Bar plots are used to depict values in a lengthwise manner, with the height equivalent to the value that is being shown. For this example, we will use another built-in the dataset – US Personal Expenditure.
The data set is displayed in the table. It displays the personal expenditure data for categories across years 1940 to 1960.In R, bar plots can be created using the barplot() function.
As with plot function, the main, xlab and ylab attributes can be used for labeling.
This section shows an example function to create a bar plot using the expenditure data and above, the created bar plot is shown.
In the next section, we will create box plots.
Box plots are used to show numerical data with their quartile ranges. Also called a box-whisker plot, the boxes show the interquartile region, with the middle line equal to the median.
The whiskers show the lower and upper quartiles, and the points show the outliers. The box plots are very useful in detecting the outliers.
In boxplot in R can be created using the boxplot() function.
Let’s see the example function displayed above .
The first attribute shows the features to be plotted, that is, sepal length against the species; the data, and the labeling information.
On typing this into the R prompt, you will get a graph similar to the one shown in this section.
You can see that there is an outlier in the Virginica species.
In the next section, we will look at histograms.
Histograms are used to depict frequency distribution data. R has a default islands dataset that is best suited to create histograms. Once you are done with this section, you are encouraged to try creating a histogram using the islands data.
In R, histograms can be created using the hist() function. The first attribute gives the vector or data frame to the plot, and the usual labeling attributes can be used to label the plot.
It can be seen from the plot that the sepal length is mostly concentrated around 4.5 to 6.5. For numerical data such as sepal length, the data is put into buckets and the histograms are created. This section concludes data visualization.
In addition to these attributes, plots can have other attributes such as x and y-axes limits, colors for points/bars/lines etc..
Next, we will look at methods of diagnostic analysis.
Let’s look at the function to test the correlation between two variables.
Correlation is a class of statistical relationship between two variables that form any form of dependence. For example, is there a correlation between the height of parents and their offspring?
In the example given here, we try to find if there is a correlation between the sepal length and width of a flower.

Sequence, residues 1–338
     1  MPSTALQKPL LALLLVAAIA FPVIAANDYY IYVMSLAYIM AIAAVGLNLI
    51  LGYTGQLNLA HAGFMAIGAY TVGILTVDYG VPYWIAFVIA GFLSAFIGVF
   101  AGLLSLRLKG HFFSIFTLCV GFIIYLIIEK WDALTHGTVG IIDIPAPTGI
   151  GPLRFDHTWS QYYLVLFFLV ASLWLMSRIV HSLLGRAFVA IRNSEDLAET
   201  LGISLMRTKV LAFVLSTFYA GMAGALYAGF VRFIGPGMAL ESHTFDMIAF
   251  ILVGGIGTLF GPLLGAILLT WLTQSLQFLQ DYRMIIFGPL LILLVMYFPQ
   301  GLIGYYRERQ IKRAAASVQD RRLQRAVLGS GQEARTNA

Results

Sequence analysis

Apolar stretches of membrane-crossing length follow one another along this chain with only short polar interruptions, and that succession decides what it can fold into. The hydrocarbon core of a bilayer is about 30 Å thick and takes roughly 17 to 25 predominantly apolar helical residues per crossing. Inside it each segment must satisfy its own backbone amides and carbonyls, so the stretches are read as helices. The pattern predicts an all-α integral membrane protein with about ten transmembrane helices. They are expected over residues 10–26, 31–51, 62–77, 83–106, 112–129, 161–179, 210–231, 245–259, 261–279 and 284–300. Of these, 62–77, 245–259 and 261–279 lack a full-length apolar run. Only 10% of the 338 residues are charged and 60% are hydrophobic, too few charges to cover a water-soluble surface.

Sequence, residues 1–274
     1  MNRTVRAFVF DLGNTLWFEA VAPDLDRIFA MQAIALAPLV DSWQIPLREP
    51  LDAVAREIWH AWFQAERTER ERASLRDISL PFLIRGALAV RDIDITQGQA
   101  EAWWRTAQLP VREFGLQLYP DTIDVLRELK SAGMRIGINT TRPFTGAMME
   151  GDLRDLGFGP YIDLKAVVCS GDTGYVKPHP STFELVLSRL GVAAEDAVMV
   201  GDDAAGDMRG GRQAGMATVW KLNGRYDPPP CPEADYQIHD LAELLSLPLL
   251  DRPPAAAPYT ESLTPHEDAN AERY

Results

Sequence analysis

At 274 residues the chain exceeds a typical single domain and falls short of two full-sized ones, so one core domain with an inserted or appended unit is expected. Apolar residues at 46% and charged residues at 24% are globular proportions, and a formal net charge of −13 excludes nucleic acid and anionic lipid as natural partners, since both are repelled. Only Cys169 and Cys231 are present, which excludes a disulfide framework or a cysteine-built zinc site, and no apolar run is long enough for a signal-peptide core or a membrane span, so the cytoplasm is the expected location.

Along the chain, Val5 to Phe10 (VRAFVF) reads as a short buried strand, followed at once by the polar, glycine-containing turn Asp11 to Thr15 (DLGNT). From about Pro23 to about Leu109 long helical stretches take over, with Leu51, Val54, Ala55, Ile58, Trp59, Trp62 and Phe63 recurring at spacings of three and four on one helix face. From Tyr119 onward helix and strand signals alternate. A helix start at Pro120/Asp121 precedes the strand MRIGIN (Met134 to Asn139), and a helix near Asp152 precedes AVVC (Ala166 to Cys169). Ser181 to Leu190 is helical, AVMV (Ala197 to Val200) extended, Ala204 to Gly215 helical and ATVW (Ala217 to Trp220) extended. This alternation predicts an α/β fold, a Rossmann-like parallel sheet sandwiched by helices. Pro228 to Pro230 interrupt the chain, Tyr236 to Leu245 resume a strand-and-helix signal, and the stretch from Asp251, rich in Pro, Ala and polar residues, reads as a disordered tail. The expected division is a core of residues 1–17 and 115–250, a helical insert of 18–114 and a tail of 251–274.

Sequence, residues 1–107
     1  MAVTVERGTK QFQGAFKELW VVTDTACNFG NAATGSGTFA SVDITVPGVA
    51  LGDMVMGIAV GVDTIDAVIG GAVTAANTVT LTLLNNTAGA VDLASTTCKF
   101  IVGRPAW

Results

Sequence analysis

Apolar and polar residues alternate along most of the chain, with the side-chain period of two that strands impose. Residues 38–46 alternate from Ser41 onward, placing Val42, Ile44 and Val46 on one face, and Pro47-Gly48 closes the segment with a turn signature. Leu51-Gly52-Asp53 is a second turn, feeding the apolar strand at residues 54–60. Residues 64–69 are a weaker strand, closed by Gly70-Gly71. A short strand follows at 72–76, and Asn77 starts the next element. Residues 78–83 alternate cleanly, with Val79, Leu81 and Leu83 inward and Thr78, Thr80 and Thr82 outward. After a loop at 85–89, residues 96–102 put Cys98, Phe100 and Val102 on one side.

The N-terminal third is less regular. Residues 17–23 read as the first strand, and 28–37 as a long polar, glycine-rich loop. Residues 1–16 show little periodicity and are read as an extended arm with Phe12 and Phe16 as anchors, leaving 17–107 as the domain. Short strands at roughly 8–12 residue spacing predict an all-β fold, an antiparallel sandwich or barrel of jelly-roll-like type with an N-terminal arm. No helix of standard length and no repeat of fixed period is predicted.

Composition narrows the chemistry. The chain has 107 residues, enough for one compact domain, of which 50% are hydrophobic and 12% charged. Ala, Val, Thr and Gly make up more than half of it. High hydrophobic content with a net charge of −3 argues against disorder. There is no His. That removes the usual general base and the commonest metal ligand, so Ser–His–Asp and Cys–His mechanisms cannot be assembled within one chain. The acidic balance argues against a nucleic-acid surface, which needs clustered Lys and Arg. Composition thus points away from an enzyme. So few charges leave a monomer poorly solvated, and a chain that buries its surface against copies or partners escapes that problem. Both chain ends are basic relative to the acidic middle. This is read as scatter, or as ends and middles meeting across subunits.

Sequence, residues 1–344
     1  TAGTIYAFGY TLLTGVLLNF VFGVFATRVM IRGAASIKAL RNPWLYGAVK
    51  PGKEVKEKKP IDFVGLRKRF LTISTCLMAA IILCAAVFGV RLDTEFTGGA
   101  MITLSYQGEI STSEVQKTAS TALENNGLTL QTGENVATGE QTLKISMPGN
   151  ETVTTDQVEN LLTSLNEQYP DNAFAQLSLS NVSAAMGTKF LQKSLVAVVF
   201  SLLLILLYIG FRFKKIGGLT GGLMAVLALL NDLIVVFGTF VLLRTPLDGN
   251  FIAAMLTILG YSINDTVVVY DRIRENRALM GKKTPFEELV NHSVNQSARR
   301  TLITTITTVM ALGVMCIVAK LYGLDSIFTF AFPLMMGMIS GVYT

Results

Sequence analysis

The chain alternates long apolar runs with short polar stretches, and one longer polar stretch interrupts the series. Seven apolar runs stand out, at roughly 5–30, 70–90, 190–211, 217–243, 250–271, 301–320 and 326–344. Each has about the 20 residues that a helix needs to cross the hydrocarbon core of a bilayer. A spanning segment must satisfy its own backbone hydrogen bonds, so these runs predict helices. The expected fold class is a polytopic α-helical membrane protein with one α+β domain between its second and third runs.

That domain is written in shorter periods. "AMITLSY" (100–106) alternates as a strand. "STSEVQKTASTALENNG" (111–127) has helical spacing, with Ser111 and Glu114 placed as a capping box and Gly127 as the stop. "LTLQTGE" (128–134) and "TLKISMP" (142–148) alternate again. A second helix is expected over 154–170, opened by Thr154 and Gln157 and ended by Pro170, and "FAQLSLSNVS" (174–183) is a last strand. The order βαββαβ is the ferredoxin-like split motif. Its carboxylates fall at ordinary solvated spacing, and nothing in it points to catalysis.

In R, correlation can be calculated using the cor.test() function. By default, the function calculates the Pearson’s correlation coefficient. Let’s look at how to interpret the results. The output shows the correlation method used and the data.
The important output for this test is the p-value, which is calculated using the t-statistic and degrees of freedom. As seen in earlier chapters, if the p-value is less than 0.05 we can conclude that the null hypothesis is rejected, that is, there is no correlation between the two variables.
The correlation coefficient is given as -0.1175698. This means there might be a negative correlation between the two variables, but since the p-value is quite high, we can conclude that the result is not significant, that is, the correlation is almost zero.
In the next section, we will see the analysis of variance.
Let us look at some important points about ANOVA:
Analysis of variance (ANOVA) is used to compare the means between different groups. Here, we show a simple example of a one way ANOVA. To illustrate, we use the InsectSprays dataset.
This data contains the insect count after using 6 different sprays. Here, the null hypothesis would be that there is no difference in using different sprays. aov() takes the first attribute as the dependent variable and independent variable, separated by a tilde.
Here, it is aov(count ~ spray). The data attribute specifies where the data is to be taken from. After fitting the aov() model, the summary function is used to display the result. It can be seen that the p-value, that is the last column is
Chi-squared test in R is used to calculate the goodness of a particular fit. It compares the observed values against expected values obtained from a null hypothesis. Here, we try to test the sepal
Pairwise t-tests are used to check if there is any difference in paired values, example – marks obtained by a student before and after a training.
To illustrate, the anorexia dataset from the MASS package is used. The data contains pre-treatment and post-treatment weights of patients.
To implement it in R, type t.test(Prewt, Postwt, paired = true).
The first two attributes are the features to be compared, and the attribute paired = true specifies that it is pairwise t-test.
The low p-value suggests that the null hypothesis can be rejected, that is, there is a difference between the weights before and after treatment.
In the next section, we will look at independent t-test.
The independent t-tests are used in comparing two values where the value of one variable is not directly related to the other variable. For example, marks of students in two different schools.
Here, we implement a t-test on the sepal length and sepal width of the iris data set. From the result, it can be seen that the p-value is almost zero, and hence the null hypothesis that there is no relation can be rejected.
To quickly summarize what we have learned in this basic analytic techniques using R tutorial, we have discussed –
A basic introduction to R
Data exploration using R
Data visualizations in R
Pie Charts
Bar plots
Box plots
Histogram Diagnostic analytics using R
Chi-Squared test
T-tests
Analysis of Variance
With this, we come to an end about the Basic Analytic Techniques - Using R Tutorial.